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Fruit Fly Culture


Culturing D. Melanogaster

1) Place 1/4th cup FNT's Optimized Culture Media into a 32 oz Insect Culture Container (alternatively, flies can be cultured in mason jars using a coffee filter as the lid).

2) Add 1 tbs apple cider vinegar (an optional mold preventative) plus 1/3rd cup filtered, room temperature water.

3) Once mixture is firm, sprinkle several 10-20 grains of active dry yeast over the media. The yeast will help process the media and will out-compete molds growing on the surface.

4) Add 20-30 flies. Using the first flies to hatch from a culture to seed a new culture helps maintain the colony by selecting for the healthiest flies.

• Depending on temperature and moisture content, new flies will hatch in approx 2-3wks.

• Culture media should remain moist but not runny. You may need to add more or less water to the cultures based on humidity levels (more water can always be added later if cultures begin to dry).

• Promptly discard any moldy cultures or any cultures contaminated by mites or flying flies.

• Start a new batch of cultures at least once a week to ensure continued production. One 32 oz culture/wk is generally sufficient for 2 adult frogs.

• Prior to feeding, dump flies into a secondary container and dust with 1:1 calcium/D3:vitamin supplements. We recommend Herpashy Calcium Plus or a 1:1 mix of Repcal Calcium plus Vitamin D3 and Herptivite. Please adhere to supplement expiration dates as potency rapidly declines over time.

Culturing D. Hydei

• Use directions for D. Melanogaster above, EXCEPT do NOT seed cultures with the first flies to hatch. Rather, wait 10-14 days after the fist flies hatch before using the culture to seed a new one. Male Hydei take longer to hatch than the females.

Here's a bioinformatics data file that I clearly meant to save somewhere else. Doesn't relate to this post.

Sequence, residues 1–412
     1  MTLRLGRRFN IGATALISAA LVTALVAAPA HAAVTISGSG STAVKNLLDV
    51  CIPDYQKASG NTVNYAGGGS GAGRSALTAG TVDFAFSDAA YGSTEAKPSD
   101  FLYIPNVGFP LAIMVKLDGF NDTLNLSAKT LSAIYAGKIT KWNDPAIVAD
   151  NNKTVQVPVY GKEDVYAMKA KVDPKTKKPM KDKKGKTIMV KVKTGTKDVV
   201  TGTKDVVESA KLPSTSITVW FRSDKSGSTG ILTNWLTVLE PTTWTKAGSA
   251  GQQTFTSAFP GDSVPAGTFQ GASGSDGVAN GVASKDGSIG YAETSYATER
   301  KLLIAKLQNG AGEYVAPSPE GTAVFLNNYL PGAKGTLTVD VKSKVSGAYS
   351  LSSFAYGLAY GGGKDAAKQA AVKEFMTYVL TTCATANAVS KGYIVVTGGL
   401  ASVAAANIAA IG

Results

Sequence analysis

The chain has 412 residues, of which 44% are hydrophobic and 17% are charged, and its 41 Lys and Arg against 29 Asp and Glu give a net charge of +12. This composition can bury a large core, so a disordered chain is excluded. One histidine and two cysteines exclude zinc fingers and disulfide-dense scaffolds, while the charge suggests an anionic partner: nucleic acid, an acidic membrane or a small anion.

Preventing Mites

Mites are everywhere. They are going to get into your frog room and tanks. So, how can you keep them out of your insect cultures? Here are a few tips:

1) Always check cultures for mites, and discard any contaminated cultures immediately.

2) Microwave culture containers and media (before adding water) to kill any mites.

3) Always use the newest (and preferably never opened) producing cultures to seed new ones. This is especially effective with melanogaster as the life cycle of melanos is shorter than the mites. Thus, seeding a new culture as soon as flies emerge does not give any contaminating mites enough time to reproduce.

4) Keep cultures inside a secondary container that is lined with mite paper. To make your own mite paper, spray paper towels with miticide and let dry. I use pyrethrin/piperanyl butoxide based mite and lice spray. There are also “all natural” formulations available, but I have not tested their effectiveness. Keep in mind that “natural” or “organic” formulations are not necessarily safer than the synthetic insecticides. Case in point: batrachotoxin (dart frog toxin) is 100% natural/organic.

5) Keep older cultures in separate containers than new ones.